Next generation operator interfaces shorten OEM time to market


Courtesy of Eaton Corporation

Machine builders continually cope with increasingly challenging issues. OEMs, like most manufacturers, must do more with less, offer the latest technology, and deliver high-quality reliable machines. However, the big issue that worries nearly every machine builder and OEM is delivery time.

Minimizing the time to market is crucial for successful OEMs. It seems that as soon as machine orders come in, customers want their machines right now. End users may be under pressure to put their machines to work because of contractual obligations, or they may be eager to start the payback process for the machine investment.

Machine builders need solutions that help them reduce development time, enable easy integration, and accelerate time to market without sacrificing the reliability of their designs or the quality of the equipment they build. Historically, this has been a difficult task. Standardizing on solutions such as operator interfaces that help slash development time can help OEMs meet these demanding requirements.

Reasons for reluctance

Speeding up time to market shouldn’t require machine builders to make tradeoffs—especially when it comes to machine functionality, quality, and reliability. Shortened machine lead times mean there is less time for OEMs to learn the requirements for integrating new operator interface hardware and software into their designs.

Machine builders understand the economics of selling equipment for which they have recovered their initial design investment and development costs. If the margins are good, could they be even better with an operator interface upgrade? Machine designs may still be valid and the equipment may work when it leaves the factory. However, supporting older components and maintaining legacy controls can increase costs and erode those margins.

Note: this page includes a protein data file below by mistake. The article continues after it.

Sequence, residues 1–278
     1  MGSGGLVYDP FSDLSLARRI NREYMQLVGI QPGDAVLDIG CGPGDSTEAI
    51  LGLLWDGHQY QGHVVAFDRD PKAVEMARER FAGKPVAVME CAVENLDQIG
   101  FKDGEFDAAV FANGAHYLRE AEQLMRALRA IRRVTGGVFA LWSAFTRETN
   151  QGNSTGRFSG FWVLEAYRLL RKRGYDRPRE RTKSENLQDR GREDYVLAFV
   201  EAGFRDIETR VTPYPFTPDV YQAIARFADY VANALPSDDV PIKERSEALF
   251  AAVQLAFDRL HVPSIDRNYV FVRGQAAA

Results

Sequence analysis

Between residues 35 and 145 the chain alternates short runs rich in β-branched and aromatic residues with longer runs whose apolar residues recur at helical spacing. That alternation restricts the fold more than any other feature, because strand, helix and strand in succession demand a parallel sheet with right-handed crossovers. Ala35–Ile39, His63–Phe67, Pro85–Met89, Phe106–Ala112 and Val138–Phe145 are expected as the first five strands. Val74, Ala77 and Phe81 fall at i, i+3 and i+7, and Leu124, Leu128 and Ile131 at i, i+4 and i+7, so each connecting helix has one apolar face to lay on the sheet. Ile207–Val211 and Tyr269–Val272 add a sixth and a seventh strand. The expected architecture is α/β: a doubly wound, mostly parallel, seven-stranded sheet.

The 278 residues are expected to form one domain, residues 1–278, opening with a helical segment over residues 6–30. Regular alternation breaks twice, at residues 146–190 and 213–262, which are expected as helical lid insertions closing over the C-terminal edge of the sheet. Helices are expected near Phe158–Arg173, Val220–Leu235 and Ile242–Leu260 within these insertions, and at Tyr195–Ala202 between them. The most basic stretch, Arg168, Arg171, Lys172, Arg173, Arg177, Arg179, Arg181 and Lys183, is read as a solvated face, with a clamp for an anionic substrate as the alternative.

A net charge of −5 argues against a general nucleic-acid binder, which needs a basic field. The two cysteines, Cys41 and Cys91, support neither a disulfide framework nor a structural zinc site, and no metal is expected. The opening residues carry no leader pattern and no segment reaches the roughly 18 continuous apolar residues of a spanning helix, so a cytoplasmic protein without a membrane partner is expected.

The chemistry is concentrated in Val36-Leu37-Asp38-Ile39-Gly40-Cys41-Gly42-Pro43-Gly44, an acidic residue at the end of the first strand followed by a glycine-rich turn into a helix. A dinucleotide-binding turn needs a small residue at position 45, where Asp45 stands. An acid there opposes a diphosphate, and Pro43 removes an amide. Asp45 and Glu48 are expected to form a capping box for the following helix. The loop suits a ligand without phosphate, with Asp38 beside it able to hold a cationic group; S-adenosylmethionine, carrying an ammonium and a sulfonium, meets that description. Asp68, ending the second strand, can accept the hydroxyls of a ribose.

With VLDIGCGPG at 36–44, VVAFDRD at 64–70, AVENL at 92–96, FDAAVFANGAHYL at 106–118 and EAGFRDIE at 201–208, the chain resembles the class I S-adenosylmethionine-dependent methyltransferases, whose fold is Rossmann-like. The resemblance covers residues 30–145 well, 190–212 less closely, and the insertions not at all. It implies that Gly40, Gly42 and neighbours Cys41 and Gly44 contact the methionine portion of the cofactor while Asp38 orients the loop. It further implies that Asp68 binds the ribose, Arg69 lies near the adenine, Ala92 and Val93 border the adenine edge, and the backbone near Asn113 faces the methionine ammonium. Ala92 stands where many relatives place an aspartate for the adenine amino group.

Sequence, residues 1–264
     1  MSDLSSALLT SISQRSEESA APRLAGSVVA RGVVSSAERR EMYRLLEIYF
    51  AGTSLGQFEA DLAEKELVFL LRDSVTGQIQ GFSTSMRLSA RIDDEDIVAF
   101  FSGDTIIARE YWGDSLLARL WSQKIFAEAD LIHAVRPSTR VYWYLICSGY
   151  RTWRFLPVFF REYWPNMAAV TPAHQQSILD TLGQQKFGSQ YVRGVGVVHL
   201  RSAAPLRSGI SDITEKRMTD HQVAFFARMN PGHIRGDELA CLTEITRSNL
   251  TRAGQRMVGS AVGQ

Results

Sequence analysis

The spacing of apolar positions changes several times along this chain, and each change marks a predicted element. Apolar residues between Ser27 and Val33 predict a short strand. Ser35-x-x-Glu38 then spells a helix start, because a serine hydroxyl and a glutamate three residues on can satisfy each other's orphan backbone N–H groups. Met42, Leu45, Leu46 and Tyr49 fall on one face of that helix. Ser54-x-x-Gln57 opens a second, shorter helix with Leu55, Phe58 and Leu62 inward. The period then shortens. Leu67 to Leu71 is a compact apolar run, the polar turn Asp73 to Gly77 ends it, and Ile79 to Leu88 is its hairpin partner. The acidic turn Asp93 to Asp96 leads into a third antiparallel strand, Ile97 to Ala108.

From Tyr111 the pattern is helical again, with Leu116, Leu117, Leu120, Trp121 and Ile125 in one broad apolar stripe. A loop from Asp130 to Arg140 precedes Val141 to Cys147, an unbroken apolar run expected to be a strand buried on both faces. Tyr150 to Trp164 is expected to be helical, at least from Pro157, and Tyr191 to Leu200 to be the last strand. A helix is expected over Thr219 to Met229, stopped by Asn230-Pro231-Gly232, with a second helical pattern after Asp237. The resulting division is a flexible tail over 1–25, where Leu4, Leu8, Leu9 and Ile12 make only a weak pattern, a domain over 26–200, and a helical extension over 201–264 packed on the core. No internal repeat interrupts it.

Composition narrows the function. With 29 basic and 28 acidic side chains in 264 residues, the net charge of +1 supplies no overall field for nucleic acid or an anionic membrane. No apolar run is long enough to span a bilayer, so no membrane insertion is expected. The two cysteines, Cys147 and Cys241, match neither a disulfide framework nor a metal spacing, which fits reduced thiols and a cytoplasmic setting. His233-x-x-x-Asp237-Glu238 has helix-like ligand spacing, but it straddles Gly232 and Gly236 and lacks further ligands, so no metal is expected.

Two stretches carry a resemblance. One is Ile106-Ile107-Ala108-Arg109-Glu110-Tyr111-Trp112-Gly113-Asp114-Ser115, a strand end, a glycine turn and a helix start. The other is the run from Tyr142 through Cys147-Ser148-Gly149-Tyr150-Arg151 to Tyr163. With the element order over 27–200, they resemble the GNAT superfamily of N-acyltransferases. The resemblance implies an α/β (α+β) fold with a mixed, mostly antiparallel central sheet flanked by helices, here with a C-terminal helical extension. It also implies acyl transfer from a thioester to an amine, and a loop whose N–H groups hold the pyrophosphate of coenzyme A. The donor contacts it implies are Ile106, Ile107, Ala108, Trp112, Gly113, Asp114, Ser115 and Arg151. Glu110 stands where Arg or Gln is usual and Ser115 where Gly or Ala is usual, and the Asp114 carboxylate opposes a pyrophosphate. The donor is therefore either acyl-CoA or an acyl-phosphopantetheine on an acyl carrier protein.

Having recouped development, design, and integration costs of using the same old operator interface is just one reason that OEMs are reluctant to make a change. Machine builders who insist on using what they have always used may be hesitant to venture too far from their comfort zone. Some may feel that using their existing operator interface technology is more expedient than having to “re-invent the wheel.”

The software learning curve is another barrier. Although the existing operator interface development software may be a nuisance to work with for OEMs, it’s a known entity. Many machine builders are reluctant to put themselves in a position of having to learn yet another new software platform and run the risk of it being problematic or difficult to learn as well.

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